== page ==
The State Assembly and Senate wanted no part of ethics reform. (New York Times file photo)

The New York State budget, passed this month just over a week late, accomplished a number of significant goals, especially for Western New York and upstate, in general, but what it flatly refused to do is at least as remarkable, given the corruption that permeates state government.

Even knowing that both the public and prosecutors are well aware of their fondness for devious conduct, legislators paid no mind to the ethics reforms Gov. Andrew M. Cuomo proposed in his budget. Nor did Cuomo make a serious point of them, focusing instead on what were evidently his higher priorities, including the follow-up to the Buffalo Billion program, free tuition for public college students and state approval for ride-hailing services such as Uber and Lyft.

Not that the other programs were without merit, but it’s a shame because the budget is where a governor in this state has the most influence over the Legislature. What is more, when Cuomo really wants something, he tends to get it, and little is more important to the taxpayers of New York than to reduce the temptation for self-dealing that grips too many state legislators.

Legislators aren’t interested in changing that. They want the rules to be as loose as possible to give them as much leeway as possible. Many of them, it is fair to say, cling to this corrupt system not for reasons of criminality, but to keep their paths to re-election as clear of obstruction as possible. Thus, they fight to maintain absurdly high contribution limits and to keep the “LLC loophole,” whose only purpose is to allow wealthy donors to give as much as they want to any given candidate.

The resistance to change is evident in both chambers of the Legislature, but is especially influential in the Senate, where Republicans struggle to maintain their dominance. Indeed, they would be in the minority at this point but for a breakaway group of Democrats who align with Republicans. The Senate is thus loath to forgo any money advantage as Republicans struggle to retain control of the chamber – even when that advantage calls members’ honesty into question.

But the laws are preposterous and are written in a way that invites corruption. Consider the LLC loophole, created by the state Board of Elections, which unaccountably ruled in 1996 that limited liability corporations are not corporations, trusts or partnerships but, in fact, are “individuals,” who are allowed to give state candidates tens of thousands of dollars more than corporations in a year.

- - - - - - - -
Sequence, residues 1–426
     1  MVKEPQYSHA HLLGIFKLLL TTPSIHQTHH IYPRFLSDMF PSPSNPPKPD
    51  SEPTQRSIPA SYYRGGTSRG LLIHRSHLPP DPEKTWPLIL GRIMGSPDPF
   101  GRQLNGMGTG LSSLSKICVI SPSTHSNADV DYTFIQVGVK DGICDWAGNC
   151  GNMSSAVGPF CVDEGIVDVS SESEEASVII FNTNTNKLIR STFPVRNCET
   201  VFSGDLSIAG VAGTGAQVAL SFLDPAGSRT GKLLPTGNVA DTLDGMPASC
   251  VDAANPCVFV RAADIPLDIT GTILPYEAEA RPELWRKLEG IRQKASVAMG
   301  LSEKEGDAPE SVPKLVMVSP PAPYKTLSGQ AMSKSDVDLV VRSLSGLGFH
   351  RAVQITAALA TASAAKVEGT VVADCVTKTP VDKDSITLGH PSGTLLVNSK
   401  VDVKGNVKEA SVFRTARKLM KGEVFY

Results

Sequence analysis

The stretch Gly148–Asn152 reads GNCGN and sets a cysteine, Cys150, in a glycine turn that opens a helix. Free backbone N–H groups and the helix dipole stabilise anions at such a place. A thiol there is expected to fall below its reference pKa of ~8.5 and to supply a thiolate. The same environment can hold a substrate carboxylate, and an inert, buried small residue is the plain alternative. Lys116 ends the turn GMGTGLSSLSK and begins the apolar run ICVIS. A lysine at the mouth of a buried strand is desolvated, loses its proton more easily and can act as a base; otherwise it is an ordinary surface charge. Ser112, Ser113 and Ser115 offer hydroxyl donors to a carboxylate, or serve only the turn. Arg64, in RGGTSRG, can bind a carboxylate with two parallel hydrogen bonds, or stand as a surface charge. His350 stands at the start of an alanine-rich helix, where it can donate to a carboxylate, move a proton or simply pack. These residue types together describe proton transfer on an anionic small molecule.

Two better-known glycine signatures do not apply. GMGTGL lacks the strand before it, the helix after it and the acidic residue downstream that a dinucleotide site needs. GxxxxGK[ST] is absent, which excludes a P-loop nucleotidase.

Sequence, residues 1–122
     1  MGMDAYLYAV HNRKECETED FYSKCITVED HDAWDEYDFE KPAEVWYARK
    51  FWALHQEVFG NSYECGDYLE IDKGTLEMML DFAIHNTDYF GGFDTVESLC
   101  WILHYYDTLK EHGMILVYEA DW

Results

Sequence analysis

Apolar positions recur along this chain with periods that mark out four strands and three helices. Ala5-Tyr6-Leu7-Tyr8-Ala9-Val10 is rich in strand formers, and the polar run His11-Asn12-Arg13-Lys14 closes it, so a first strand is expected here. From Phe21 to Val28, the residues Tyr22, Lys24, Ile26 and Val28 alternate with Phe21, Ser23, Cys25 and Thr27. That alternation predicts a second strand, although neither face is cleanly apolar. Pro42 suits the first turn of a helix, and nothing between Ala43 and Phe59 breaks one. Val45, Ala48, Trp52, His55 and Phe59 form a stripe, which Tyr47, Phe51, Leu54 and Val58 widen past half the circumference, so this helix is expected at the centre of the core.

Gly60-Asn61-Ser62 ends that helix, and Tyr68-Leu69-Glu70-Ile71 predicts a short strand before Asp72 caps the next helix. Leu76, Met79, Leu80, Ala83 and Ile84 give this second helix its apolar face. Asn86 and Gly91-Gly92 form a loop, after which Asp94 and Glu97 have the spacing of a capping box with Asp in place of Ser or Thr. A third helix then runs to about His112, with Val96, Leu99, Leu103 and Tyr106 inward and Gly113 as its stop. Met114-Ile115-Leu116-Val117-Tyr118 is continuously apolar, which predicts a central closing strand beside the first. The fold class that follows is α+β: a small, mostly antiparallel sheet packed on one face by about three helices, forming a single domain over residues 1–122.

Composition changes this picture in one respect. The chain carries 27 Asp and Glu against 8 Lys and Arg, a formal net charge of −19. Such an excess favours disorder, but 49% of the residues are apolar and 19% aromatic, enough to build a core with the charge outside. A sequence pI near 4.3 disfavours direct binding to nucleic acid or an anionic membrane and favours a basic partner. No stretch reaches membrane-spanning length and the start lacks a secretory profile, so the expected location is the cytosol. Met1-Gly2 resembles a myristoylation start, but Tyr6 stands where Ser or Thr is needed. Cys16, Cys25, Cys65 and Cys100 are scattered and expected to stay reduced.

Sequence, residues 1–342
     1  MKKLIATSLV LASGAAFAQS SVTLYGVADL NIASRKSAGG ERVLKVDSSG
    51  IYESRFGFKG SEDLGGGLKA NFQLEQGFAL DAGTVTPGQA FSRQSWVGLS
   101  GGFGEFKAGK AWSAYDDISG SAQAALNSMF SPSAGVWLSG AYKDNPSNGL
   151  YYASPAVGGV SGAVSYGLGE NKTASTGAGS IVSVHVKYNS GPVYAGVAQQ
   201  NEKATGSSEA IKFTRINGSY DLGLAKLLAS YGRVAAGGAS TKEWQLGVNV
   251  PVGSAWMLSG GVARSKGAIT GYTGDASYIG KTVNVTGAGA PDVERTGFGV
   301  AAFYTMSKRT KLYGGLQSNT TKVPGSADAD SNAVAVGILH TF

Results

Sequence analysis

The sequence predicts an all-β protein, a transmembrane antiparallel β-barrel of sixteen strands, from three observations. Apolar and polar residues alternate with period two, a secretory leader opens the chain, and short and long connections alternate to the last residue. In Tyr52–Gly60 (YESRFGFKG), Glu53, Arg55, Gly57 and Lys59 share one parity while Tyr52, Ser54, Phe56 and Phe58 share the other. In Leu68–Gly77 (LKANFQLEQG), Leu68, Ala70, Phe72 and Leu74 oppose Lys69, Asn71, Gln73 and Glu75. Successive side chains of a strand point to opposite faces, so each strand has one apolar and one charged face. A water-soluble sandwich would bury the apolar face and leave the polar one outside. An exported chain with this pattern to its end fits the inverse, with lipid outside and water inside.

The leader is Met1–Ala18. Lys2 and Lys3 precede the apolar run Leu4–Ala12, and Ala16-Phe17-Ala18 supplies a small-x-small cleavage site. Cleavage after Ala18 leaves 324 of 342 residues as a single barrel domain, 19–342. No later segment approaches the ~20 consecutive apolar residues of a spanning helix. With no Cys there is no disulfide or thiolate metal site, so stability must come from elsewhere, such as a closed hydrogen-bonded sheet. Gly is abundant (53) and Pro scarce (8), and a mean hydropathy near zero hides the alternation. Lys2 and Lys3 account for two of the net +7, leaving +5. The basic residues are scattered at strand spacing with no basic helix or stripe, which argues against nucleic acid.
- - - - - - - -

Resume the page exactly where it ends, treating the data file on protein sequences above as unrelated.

By state law, corporations can give up to $5,000 in campaign contributions in any year. But individuals can donate up to $60,800 to candidates in statewide races – an amount of money that practically screams corruption.

And it gets worse, because wealthy donors can set up multiple LLCs, enabling them to funnel as much money as they want to favored candidates. As a 2015 story in The Buffalo News reported, LLCs have become “the conduits through which developers, pro-gambling forces and the telecommunications industry, among others, today give nearly $5 million to legislative candidates in an election cycle and almost $10 million to those running for governor.“

Who would give so much money without wanting something substantive in return? And why would legislators maintain that system unless they were prepared to play ball?

Unfortunately for New Yorkers, President Trump fired Preet Bharara, the U.S. attorney who was the scourge of Albany corruption. With state legislators so unmoved by their own seediness, voters have to hope that whoever takes over in Bharara’s office understands that this important work is not yet finished.

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